Alexander von Humboldt: A Metabiography
By Nicolaas A. Rupke
It's said that you only live once, but a great scientist has many lives. These lives are not, however, personal existences but biographies, written by others, that make sense of the life and identify its historical significance. If the scientist is regarded as the founder of a discipline, or the author of a cherished theory or method, then biography can be a continuous creative act, changing in content and character as the science changes over time. Founding myths may be historically flawed but they often serve a function for the science concerned. And if the scientist is also a national hero, then even more is at play in these lives after death.
For Alexander von Humboldt (1769–1859), biographical life after death has been complex and contested. He was a polymath, or at least a poly-scientist; the only modern discipline that has plausibly laid claim to him as a founding figure is physical geography. His contributions to the field are marked by the names of the Humboldt Current along the west coast of South America, the Humboldt Glacier in Greenland, the Humboldt Mountain Range in Antarctica, and the Humboldt River and Humboldt Bay in the United States. But he also made contributions to natural history: a handful of plant and animal species are named after him, from the Humboldt penguin (Spheniscus humboldti) to the spectacular Humboldt lily (Lilium humboldtii). He was also a well-known traveller, diplomat, courtier, intellectual and popularizer of science.
Humboldt was a German who spent most of his productive life outside the country and wrote much of his scientific work in French. Together with his elder brother Wilhelm, a linguist who founded the University of Berlin, he has been a major German cultural icon, in the same pantheon as Goethe, Schiller and Beethoven.
But who was Alexander von Humboldt? Nicolaas Rupke doesn't seek a coherent answer to that question, nor does he think there can be one. He has not written a conventional biography but a life of lives, or ‘metabiography’, a meticulous study of how Humboldt's life was configured and reconfigured according to the sensibilities and needs of the changing cultural settings.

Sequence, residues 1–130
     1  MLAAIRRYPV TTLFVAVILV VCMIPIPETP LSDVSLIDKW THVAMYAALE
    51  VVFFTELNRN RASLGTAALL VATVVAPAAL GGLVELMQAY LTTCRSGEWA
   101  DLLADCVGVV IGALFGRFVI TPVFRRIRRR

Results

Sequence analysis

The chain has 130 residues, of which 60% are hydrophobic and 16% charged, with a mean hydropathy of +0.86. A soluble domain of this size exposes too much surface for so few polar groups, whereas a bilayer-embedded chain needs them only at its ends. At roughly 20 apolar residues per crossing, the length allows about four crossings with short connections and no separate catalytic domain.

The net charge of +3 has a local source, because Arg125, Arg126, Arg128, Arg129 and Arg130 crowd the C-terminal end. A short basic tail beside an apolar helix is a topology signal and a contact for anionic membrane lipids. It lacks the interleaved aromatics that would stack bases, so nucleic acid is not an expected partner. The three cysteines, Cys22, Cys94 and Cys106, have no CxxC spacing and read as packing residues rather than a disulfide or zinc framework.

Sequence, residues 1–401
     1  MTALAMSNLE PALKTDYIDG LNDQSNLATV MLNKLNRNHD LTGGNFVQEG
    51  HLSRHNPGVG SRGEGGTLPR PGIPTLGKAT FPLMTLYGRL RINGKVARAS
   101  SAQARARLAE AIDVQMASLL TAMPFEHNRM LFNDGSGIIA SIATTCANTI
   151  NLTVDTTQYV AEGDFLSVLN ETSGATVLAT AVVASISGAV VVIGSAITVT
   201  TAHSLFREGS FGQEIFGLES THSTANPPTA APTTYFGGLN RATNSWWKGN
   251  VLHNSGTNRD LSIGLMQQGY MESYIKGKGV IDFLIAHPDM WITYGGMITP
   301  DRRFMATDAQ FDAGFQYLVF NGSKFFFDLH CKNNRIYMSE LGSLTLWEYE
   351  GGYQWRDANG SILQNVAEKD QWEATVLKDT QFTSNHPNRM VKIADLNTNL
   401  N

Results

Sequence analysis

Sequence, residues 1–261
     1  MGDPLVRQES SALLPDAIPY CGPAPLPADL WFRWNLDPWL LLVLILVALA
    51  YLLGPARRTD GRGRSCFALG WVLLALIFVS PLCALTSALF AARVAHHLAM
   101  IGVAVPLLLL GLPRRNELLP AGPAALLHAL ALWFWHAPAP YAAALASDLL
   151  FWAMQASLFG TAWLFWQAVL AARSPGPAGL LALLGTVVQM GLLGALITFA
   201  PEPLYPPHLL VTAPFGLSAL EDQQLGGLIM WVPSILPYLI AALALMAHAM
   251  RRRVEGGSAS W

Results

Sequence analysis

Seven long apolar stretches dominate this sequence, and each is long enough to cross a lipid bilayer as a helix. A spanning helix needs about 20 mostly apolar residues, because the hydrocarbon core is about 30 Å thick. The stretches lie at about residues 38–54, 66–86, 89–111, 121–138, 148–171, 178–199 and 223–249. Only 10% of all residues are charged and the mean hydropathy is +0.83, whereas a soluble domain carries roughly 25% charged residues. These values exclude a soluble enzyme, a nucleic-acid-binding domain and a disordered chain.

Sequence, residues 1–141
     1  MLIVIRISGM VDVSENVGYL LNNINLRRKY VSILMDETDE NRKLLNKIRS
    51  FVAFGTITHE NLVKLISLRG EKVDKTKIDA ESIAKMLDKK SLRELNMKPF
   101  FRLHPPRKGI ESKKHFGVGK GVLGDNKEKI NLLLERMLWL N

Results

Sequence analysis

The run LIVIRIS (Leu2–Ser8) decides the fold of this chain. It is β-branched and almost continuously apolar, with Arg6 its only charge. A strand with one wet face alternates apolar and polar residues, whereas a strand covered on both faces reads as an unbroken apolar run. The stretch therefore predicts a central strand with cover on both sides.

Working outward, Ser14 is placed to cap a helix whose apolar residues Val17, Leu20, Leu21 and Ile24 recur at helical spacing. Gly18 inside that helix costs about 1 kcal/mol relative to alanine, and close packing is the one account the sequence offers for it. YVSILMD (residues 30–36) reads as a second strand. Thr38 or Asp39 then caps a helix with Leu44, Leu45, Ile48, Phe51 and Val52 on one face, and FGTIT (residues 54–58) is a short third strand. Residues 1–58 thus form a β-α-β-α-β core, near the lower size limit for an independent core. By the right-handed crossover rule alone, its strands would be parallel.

In the late nineteenth and early twentieth century, some German scientists saw Humboldt as a darwinian, even though he died before On the Origin of Species was published, and even though there is only patchy evidence of his dissent from the anti-evolutionist views of such naturalists as Louis Agassiz.
In the years leading up to German unification under Bismarck, Humboldt was a hero to liberal nationalists, despite having served as royal chamberlain to a deeply conservative Prussian court. The Nazis did their best to make Humboldt into a philosophical idealist of their preferred mystical type and, as Rupke says, “a herald of the Third Reich's new socio-political order”. The ‘de-Nazifiers’ of the postwar Federal Republic saw Humboldt as a model of global cosmopolitanism and tolerance, a “good German”, and even an active friend of the Jews. In the German Democratic Republic, Humboldt's early career as a mining engineer was used to embellish his proletarian credentials, and his remarks against slavery established him, according to an East German text of the 1970s, as an opponent of “every form of racial discrimination, against every form of colonial expansion, and for the brotherhood of human beings of all colours”.
More recently, the marxist Humboldt has been replaced with Humboldt the networking pioneer of globalized information economies, a ‘green’ Humboldt who viewed nature “as an ecological system”, and a homosexual Humboldt whose long-suspected tendencies were ‘outed’ by several gay German writers, although this was disputed by scholars who either insisted on his heterosexuality or claimed that Humboldt had sacrificed sexual pleasures on the altar of scientific asceticism. Finally, the prisms of postmodernist scholarship have revealed a Humboldt who was a practitioner of disunified science and a man with no stable intellectual or political make-up at all, a ragbag of a man from whose life practically any evidence could be plucked to establish almost any identity, point or purpose.
Rupke is right to draw attention to the fact that shifting biographical traditions make one person have many lives, and his metabiography helps us to appreciate the historical instability of any scientific life, not just one as complex as Humboldt's. The past is never wholly a foreign country, and we make and remake past lives to suit our present purposes. No one whose life and work is of future interest can escape that fate. But one could also say that Rupke has given us a Humboldt just right for our own less certain and more self-conscious times — fractured, multiple and unstable.